CLEARWATER, Fla. (AP) Philadelphia catcher Carlos Ruiz, one of the last remaining members of the team's glory years, is eager to win his starting job back this spring in what's likely his final season with the Phillies.
Ruiz has been working with pitchers and fellow catchers the past week since camp opened in Clearwater, Florida. In 2015, his 10th season with the Phillies, Ruiz hit .211 in 86 games and lost the majority of playing time to Cameron Rupp.
''That was my goal, to play every day, because I believe I can still play every day,'' said Ruiz, who has played his entire career with the Phillies. ''But it's not my control, the only thing I have control of is what I do on the field. I'm ready, so we'll see what happens when the games start.''
The 37-year-old Ruiz is the oldest player in camp and is four years removed from his All-Star season of 2012, when he had career highs in batting average (.325), home runs (16) and OPS (.935) in 114 games. In the three years since, Ruiz has batted .245 with 13 home runs and an OPS of .667 in 288 games.
Ruiz is in camp as one of two players, along with first baseman Ryan Howard, that played on the 2008 World Series champion Phillies. The current clubhouse at Bright House Field in Clearwater is mostly populated with prospects and promising 20-somethings trying to establish their footing within the organization.
''I like being around the young guys,'' Ruiz said. ''They make me feel young, too.''
Two of those young players in camp are catchers rated among the Phillies' top prospects: Andrew Knapp, a switch hitter and former second round pick, and Jorge Alfaro, a power-hitting right-handed hitter who came over in the July trade that sent Cole Hamels to Texas. Neither of those players are expected to break camp with the team, but they could arrive in the big leagues at some point in 2016.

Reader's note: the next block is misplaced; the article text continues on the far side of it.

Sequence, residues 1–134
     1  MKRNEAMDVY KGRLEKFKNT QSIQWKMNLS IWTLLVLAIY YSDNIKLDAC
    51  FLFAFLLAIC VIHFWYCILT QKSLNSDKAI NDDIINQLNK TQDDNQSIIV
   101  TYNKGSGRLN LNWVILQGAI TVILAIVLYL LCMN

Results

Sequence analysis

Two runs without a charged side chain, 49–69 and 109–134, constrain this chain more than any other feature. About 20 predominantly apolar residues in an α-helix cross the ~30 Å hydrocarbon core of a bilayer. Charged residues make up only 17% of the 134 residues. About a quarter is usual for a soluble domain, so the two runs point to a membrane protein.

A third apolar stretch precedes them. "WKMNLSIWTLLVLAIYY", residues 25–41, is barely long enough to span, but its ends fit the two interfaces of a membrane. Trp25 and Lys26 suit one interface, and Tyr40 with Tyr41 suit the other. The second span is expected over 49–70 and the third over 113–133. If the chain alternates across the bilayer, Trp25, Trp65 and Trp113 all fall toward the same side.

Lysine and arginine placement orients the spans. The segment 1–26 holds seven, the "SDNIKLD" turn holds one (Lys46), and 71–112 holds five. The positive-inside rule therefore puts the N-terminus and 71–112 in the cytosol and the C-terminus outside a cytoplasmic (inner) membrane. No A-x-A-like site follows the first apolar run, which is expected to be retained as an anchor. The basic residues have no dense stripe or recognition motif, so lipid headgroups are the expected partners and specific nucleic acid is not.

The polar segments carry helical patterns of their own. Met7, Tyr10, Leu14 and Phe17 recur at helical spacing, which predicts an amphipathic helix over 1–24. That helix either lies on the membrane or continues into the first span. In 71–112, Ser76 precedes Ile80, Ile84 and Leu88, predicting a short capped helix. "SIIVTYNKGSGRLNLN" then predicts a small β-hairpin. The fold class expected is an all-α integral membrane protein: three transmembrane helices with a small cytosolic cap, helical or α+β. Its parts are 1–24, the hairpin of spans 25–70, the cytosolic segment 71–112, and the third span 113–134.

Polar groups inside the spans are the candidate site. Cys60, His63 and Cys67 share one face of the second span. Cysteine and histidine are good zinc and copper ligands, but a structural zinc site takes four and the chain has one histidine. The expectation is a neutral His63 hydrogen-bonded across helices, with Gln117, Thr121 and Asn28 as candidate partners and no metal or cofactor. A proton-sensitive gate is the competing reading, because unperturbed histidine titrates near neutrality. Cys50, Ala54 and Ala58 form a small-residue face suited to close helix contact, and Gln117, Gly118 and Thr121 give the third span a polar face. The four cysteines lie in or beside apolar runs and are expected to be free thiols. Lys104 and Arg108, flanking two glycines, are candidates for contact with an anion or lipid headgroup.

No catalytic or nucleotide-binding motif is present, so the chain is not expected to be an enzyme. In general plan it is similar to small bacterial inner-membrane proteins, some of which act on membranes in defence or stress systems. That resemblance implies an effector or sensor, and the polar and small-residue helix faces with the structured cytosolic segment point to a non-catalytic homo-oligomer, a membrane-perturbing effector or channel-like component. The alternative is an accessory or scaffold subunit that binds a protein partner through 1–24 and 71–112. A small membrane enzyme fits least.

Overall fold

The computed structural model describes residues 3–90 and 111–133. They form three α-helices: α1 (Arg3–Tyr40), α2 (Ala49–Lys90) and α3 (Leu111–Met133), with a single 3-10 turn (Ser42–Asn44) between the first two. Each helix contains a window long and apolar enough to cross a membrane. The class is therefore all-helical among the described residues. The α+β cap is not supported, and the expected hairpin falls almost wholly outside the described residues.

Ruiz's chief competitor for playing time once the regular season begins is Rupp, a 27-year-old former third round pick who hit .233 with nine home runs and a .675 OPS in 81 games last season.
First-year Phillies manager Pete Mackanin has said the regular job will likely go to whoever ''plays the best'' in Clearwater. But, Mackanin, a long-time coach on the Phillies staff in two different stints with the team since 2009, is aware of Ruiz's track record, too.
''He caught in two World Series. He caught (four) no-hitters. He has one of the best work ethics of any player I've ever been around,'' Mackanin said. ''He is one of the most pleasant people to be around. He doesn't take his offense behind the plate with him. He takes a lot of pride in his defense and game-calling ability. That's something that's rare to find. That's a winning catcher.''
It's been nearly 18 years since Ruiz first joined the Phillies as an amateur teenage infielder out of Panama on an $8,000 signing bonus. He has more than made that investment worth it for the franchise.
Ruiz enters the 2016 season on the third year of a three-year, $26 million contract, which includes a $4.5 million club option for 2017 and a $500,000 buyout. The team is almost certainly going to exercise the buyout, as they did with Cliff Lee this past winter and surely will with Howard following the 2016 season, too.
The future may be uncertain, but Ruiz would like to have the opportunity to leave the game where it started: in a Phillies uniform.
''This organization is part of my life,'' Ruiz said. ''My goal is to retire here. But, you know, it's not only me it's also the front office and I don't know what they think. So I'll just play hard, try to do my best and hopefully stay here.''